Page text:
“So many people go to work with an uncomfortable feeling—and that just can’t be the way work is supposed to be,” says Simon Sinek. Talking about the concepts in his latest book, The Infinite Game, he explains how things such as mass layoffs and shareholder supremacy (placing stock prices above a person’s worth) seem to be so common these days that we have come to accept them. Sinek believes this situation can change if leaders understand they are playing an infinite game.
A finite game has known players, fixed rules, and a clear end point, like baseball. But with infinite games such as business or politics, the players come and go, the rules are changeable, and there is no defined end point. There are no winners or losers in an infinite game—there is only ahead or behind.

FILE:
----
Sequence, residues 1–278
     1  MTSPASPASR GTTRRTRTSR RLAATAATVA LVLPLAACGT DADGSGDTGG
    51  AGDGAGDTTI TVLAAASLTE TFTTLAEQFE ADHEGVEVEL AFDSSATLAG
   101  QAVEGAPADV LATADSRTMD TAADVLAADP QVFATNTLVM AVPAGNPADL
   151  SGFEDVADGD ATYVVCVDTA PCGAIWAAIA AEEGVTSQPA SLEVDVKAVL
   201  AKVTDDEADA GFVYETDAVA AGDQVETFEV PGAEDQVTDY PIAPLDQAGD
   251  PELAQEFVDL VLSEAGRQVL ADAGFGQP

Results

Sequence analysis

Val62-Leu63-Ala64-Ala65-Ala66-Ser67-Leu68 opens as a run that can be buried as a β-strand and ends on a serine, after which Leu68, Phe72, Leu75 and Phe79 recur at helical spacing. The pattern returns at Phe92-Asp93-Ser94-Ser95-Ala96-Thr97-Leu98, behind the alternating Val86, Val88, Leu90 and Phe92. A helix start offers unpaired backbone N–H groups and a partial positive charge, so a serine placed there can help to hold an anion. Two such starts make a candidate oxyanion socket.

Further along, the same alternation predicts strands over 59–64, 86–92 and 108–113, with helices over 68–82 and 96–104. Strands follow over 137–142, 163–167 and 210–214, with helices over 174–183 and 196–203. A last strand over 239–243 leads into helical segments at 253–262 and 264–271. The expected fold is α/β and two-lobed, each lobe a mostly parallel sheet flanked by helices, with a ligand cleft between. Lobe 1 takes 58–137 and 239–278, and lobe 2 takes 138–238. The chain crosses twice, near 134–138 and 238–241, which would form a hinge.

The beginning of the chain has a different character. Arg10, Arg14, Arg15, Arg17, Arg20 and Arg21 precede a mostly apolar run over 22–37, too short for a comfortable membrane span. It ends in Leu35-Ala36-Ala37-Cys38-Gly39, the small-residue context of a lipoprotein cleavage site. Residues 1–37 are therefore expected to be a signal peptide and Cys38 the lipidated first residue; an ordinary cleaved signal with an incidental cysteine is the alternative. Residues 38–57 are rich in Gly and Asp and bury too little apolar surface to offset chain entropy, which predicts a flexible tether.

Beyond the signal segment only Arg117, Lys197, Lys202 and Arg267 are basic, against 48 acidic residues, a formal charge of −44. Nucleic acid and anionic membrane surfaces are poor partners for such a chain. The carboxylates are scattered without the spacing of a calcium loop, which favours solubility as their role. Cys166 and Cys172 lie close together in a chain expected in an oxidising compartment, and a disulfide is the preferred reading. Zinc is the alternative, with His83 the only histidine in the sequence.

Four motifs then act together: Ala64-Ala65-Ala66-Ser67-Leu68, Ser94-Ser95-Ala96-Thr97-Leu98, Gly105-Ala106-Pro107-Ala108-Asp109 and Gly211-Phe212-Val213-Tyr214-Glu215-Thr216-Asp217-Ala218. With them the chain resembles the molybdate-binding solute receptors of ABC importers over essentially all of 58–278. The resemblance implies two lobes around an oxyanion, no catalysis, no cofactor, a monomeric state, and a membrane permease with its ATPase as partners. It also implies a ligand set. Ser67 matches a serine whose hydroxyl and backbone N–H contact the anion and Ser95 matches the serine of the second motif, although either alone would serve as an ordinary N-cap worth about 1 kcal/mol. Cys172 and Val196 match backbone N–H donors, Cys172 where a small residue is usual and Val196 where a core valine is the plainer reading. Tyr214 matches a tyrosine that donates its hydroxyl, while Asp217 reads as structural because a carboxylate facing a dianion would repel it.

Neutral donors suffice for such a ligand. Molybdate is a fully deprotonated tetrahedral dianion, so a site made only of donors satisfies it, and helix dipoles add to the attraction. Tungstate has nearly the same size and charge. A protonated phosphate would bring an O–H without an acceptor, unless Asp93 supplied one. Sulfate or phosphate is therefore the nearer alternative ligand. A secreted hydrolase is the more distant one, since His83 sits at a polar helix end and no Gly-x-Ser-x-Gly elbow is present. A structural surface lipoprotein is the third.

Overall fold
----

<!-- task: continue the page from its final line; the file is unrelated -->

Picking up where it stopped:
Problems arise when leaders play an infinite game with a finite mindset. When this happens, there are no agreed-upon metrics, trust is destroyed, and, ultimately, cooperation and innovation suffer.
But leaders who operate with an infinite mindset want to leave the company better than they found it. They live their lives in service and foster people’s willingness to show up, work hard, and take care of each other. When people truly trust and depend upon each other, remarkable things happen.
In an infinite game, leadership happens at many levels because it isn’t about a title or rank. It’s about the leader accepting responsibility for taking care of their people. Authority doesn’t make someone a leader. Everyone has the opportunity to be the leader they wish we had. It can start at the grass roots level by creating teams of people who rally to the cause.
The one thing Sinek would like listeners to take from this podcast is that we all need to take care of each other. We are our own best hope.
For more about Simon Sinek, go to www.simonsinek.com or follow him on Twitter @simonsinek.
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